What tools and techniques exist to either decompile or analyze the bytecode in a SWF file? What resources are available to the reverse engineer to learn more about SWF internals?
I really like the Show my code website. I used it a couple of times to disassemble an SWF file (did its job), and since it's a web service, no installation is required. Bonus: Supports several other file formats (e.g. zend php compile results, some .net stuff, ...) as well.
There is good tool flasm, which is open-source, and contain both flash assembler and disassembler. And flare, which is free, but closed-source, and contain flash decompiler. Looks like both are abandoned (last update from 2007), and have no support for ActionScript 3, but, maybe someone could extend them.
First I would recommend reading through the specifications of the SWF file format and ActionScript. I wouldn't recommend reading it all (it does get boring). Just the first three or four chapters. This will help with having a foundation of knowledge for the structure and keywords. Here are the two I would recommend.
Once you have a basis of knowledge check out some posts on Flash Exploits. Here is a list of posts in no particular order or value 1, 2, 3, 4, 5, 6, 7. Searching the RE Reddit is also another good resource for SWF/Flash analysis.
For better or for worse a lot of great work has been done by the exploit community for reverse engineering SWF/ActionScript/Flash/etc. There a number of researchers I would recommend google stalking their work. Haifei Li is one notable individual. A quick google search for filetype:PDF + "Haifei Li" will bring up a lot of great resources. Example: link.
IF you are sick of reading I'd recommend downloading some samples. Contagiodump is a good place to grab samples. Typically the sample have the proper CVE number. This can be helpful because a quick google of CVE-number + "analysis" will allow you to do the at home follow along version. Of course you will need tools. I personally would recommend REMnux by Lenny Zeltser. Almost all the tools listed in this thread are already installed in it. If you are working with SWFs embedded in documents I'd recommend xxxswf.py for extracting them. The source code isn't that badly commented so it will give you some basics about the file structure. Disclaimer: my tool.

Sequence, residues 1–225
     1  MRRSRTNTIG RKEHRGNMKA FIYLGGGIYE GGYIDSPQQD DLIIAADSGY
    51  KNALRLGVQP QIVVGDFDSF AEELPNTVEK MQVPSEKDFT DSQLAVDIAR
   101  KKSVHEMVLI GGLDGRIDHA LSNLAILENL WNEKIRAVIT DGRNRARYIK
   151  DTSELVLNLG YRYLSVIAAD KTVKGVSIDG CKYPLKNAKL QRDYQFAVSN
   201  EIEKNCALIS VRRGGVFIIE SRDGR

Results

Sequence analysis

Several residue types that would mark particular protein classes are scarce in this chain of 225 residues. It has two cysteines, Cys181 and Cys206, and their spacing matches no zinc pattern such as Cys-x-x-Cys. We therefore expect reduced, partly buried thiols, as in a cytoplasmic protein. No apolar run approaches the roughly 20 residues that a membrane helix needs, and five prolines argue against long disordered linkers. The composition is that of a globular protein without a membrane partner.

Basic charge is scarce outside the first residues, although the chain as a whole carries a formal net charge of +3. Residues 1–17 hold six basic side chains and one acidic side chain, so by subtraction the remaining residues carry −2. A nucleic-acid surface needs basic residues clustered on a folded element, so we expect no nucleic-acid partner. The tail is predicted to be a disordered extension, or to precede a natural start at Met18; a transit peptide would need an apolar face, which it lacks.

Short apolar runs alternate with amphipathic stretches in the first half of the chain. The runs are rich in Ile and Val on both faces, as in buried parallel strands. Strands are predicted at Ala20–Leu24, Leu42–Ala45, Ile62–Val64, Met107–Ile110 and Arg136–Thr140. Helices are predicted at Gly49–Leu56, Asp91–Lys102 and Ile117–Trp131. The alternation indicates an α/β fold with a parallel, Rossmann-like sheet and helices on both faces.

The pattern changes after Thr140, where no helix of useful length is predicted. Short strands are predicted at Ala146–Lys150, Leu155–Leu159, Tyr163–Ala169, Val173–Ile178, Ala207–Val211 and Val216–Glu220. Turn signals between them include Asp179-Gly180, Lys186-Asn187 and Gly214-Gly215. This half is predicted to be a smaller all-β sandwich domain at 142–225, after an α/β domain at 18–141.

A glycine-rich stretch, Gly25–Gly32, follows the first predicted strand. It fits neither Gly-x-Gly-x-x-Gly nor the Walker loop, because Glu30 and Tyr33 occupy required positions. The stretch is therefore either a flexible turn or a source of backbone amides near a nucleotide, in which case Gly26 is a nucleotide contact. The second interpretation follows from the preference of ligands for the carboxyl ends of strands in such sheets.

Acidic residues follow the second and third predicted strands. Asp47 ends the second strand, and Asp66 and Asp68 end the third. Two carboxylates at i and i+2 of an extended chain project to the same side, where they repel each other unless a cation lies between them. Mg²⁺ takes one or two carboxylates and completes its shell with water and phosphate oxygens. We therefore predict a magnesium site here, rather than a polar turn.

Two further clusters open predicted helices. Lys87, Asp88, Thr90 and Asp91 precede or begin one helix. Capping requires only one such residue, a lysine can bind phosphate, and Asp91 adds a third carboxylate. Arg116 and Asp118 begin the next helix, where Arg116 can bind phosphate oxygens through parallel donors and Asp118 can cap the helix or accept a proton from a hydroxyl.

Used SWFWire Debugger once to extract an AES key from a flash game. It can trace functions and their parameters while executing. I find it extremely helpful.
Check out Sebastian Porst's work  (see in particular the /slides directory for an overview, and then the rest of the code can be found from the root).
There is an IDA Pro plugin that allows you to disassemble SWF files just like any other executable.
There already exist many tools to do this just do a quick google search.
An example would be asdec
Also here is a releated question "does-an-actionscript-decompiler-get-actionscript-from-dynamically-linked-as-file"
I have used SWFTools (http://www.swftools.org) package in the past for swf files analysis.
The swfextract tool in that package allows you to extract all kinds of artifacts from a swf file.
The swfdump tool in the same package can disassemble all versions of ActionScript (v1-3). The nice thing about swfdump is that it will show the output in human-readable p-code format which helps very much with analysis.
Also, there are commercial decompilers such as Sothink SWF Decompiler and Flash Decompiler Trillix. I don't have any experience using them and can't recommend as to how well they work.
If you care mostly about the raw code, I can recommend you RABCDAsm
This will generate very workable Actionscript bytecode and also allows you to patch it back.
I really like the Sothink's Flash Decompiler. Although it's commercial it's really worth it if you occasionally reverse engineer flash files.
The full version (which I own and use) can decompile whole SWF files back to FLA, supports latest versions of AS (when other free tools were not), lets you modify and run SWF files as well as create a modified SWF version, allows editing all resource types (not just code), and has a full-blown feature-rich GUI.